Chronic Marijuana Use Lowers Emotional Intelligence, Suggests A New Study


A new article appearing in Experimental and Clinical Psychopharmacology suggests that chronic marijuana use may cause deficits in one’s ability to recognize emotional states in others — one of the hallmarks of what psychologists refer to as emotional intelligence.

“From 2002 to 2017, adult population cannabis use has increased from 10.4% to 15%,” say the researchers led by Alyssa MacKenzie and Anita Cservenka of Oregon State University. “These increases are concerning as a large body of research has reported that cannabis use may have negative impacts on cognitive functioning, learning and memory, processing speed, and attention. Additionally, there is an emerging research area suggesting cannabis use may affect emotion processing.”

To further explore the relationship between marijuana use and emotion processing, the researchers scoured the existing research literature for all studies exploring the link between cannabis use and emotion processing. They found 41 in total (most of which were published in the last five years).

Across the studies, the researchers identified some common themes, such as regular cannabis users demonstrating:

  • A lack of responsiveness to emotional stimuli.
  • Decreased accuracy and response time when identifying and differentiating emotional states such as happiness, sadness, or anger.
  • Decreased neural activity, as measured by brain wave amplitudes, when exposed to emotional stimuli (e.g., happy vs. sad photos).
  • A dampening of activity in the prefrontal cortex and medial prefrontal cortex in response to being shown emotional images, as measured by fMRI.

The researchers also found evidence that the sub-components of cannabis, specifically THC and CBD, can influence emotion processing in different ways. For instance, one study found that THC increases anxiety in response to fearful social situations while CBD tends to decrease it.

“To our knowledge, this is one of the first critical review articles focused on an emerging research area of cannabis and emotion processing,” state the authors. “Synthesizing the existing findings in this developing research field is important for future prevention and intervention studies focused on promoting healthy socio-emotional functioning in cannabis users.”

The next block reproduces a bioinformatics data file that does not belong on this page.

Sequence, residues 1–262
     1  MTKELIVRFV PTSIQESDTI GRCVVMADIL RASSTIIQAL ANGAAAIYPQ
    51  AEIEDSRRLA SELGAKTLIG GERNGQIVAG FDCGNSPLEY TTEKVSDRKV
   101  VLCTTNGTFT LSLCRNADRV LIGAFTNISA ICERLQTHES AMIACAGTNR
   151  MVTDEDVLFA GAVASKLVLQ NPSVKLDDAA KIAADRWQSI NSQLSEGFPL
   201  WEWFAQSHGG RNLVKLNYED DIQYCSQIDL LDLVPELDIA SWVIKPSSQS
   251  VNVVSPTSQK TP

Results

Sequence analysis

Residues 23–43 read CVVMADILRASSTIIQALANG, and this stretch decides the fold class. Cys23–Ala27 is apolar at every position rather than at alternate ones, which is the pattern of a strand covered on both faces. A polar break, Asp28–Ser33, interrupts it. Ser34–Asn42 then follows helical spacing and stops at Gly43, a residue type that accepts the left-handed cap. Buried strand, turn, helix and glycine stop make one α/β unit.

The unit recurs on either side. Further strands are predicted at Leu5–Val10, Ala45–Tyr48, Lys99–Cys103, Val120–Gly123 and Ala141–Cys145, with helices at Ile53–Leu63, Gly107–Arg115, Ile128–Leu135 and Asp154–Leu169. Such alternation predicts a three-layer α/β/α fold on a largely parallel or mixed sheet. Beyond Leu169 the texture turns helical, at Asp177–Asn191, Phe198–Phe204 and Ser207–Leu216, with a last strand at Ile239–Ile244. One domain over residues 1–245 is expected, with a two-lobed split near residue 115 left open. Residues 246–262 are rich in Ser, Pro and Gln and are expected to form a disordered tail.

Taken together, this research presents a worrying picture of how regular marijuana use affects emotional intelligence. By blunting the brain’s ability to quickly and accurately process emotional states, regular cannabis users run the risk of weakening their interpersonal relationships. This, according to the researchers, could lead people to use more cannabis as a means to cope with interpersonal problems, thus perpetuating a cycle of marijuana use and emotional distress.

But there is still much to be learned.

“Future studies are needed that categorize cannabis users by duration of use, age of cannabis use initiation, and frequency of daily use,” say the researchers. “Overall, more research on individual differences is needed to determine the effects of sex, polysubstance use, and comorbid psychiatric disorders on socioemotional functioning, and studies should also expand to middle-aged and older adult cannabis users, as the majority of currently published research is limited to adolescents and young adults.”



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